A single, over wintering queen begins building the nest in the spring. She lays eggs and tends the first batch of larvae that develop into workers. These workers tend new larvae and expand the nest throughout the summer. A mature colony can have several hundred workers by the end of the summer. In fall, workers die and next year's queens find over wintering sites.
Baldfaced hornets are beneficial, capturing insects (often including other yellowjackets) to feed to their larvae. Though larger than other yellowjackets, Baldfaced hornets are generally more docile. But they can become aggressive and will sting when their nest is disturbed or threatened.
A Baldfaced nest is usually constructed high in a tree. In these cases the nest is best left alone.
Occasionally you will find a Baldfaced nest built on the side of a building, in low shrubbery, or even in an attic or shed. Nests in these sited will probably need to be eliminated.
Also known as Organpipe Mud Dauber, Black and Yellow Mud Dauber and Blue Mud Dauber
Mud daubers may become a nuisance when they construct nests of mud, especially on porches, decks, sheds, eaves, attics, ceilings, walls and under roof overhangs around homes and other structures where people live, work and play. They are considered nuisance pests since nests are not defended and stings are rare. In spite of their formidable appearance, these solitary wasps are not aggressive and controls are rarely needed.
Adult organpipe mud daubers are about 1/2 to 3/4 inch long, shiny, black, elongate and slender. The inner margins of the eyes are deeply emarginate, with hind leg segments white. Black and yellow mud daubers are about 1 to 1-1/4 inches long; black or brown with yellow markings (partially yellow legs) and thread-waisted. Blue mud daubers are about 1/2 to 3/4 inch long, metallic blue to blackish (with blue wings) and thread-waisted.
The mud dauber builds finger-like nests of mud attached to flat surfaces under roof overhangs, under eaves, etc. The nest is a series of parallel mud tubes of varying length. The black and yellow mud dauber is often seen around wet areas digging up balls of mud for its nest. The nest is placed on the undersides of boards, logs, rocks, etc. Nests may be a single cell or several cells placed side by side. The blue mud dauber does not make its own nest, but takes over the nest of the black and yellow mud dauber.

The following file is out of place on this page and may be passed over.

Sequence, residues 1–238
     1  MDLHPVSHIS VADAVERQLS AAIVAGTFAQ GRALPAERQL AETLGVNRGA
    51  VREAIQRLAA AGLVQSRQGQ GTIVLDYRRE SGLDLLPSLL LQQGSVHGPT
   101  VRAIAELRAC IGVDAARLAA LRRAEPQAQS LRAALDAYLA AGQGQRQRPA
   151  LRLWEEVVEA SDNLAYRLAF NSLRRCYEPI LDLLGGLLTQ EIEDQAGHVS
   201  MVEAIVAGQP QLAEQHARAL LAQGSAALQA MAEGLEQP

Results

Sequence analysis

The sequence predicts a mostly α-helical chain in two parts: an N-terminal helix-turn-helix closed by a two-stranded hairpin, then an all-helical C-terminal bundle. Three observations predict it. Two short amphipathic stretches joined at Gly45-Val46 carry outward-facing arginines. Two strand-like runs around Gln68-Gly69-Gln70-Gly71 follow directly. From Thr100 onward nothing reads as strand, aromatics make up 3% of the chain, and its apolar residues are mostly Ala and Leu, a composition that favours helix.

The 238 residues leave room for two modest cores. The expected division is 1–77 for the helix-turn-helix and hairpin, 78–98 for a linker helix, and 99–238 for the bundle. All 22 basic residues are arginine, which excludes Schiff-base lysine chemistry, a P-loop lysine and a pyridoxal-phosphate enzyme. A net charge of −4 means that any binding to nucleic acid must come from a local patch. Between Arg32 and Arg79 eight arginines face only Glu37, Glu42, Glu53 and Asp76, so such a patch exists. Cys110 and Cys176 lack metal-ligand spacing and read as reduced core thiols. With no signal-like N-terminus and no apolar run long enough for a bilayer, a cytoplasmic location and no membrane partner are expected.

Cicada Killer Wasp
Also known as giant cicada killer and sand hornet
The cicada killer can be distinguished by its large size, a black body with yellow mark across the thorax and yellow stripes across the abdomen.
Their habitat is disturbed areas, lawns, forest edges, city parks, sandy lots; prefer little or no vegetation.
Cicada killers are solitary wasps. Males emerge from pupal cases in mid-July to early August, a few weeks before the females. The males tunnel out of the ground, leaving telltale holes, and select a territory that they actively defend. Upon capturing a cicada, the female stings it injecting venom. Then, she carries the cicada back to the burrow, where she lays an egg on its living, but paralyzed body. Within two weeks, the egg hatches into a larva, eats the cicada, and develops into a pre-pupa, the stage at which it will spend the winter. Cicada killers are active in late summer, the same time that cicadas are present. By September, most adults have died.
Although visually alarming, these wasps pose little threat. Females are not aggressive and rarely sting, unless excessively provoked. Males often display territorial behavior and will dive-bomb people's heads; however, they have no sting and pose no real threat. Cicada killers often nest in disturbed areas with sandy, open soils, such as lawns, golf courses, flowerbeds, volleyball courts and around swimming pools. A large population of wasps in one area can cause significant damage to lawns.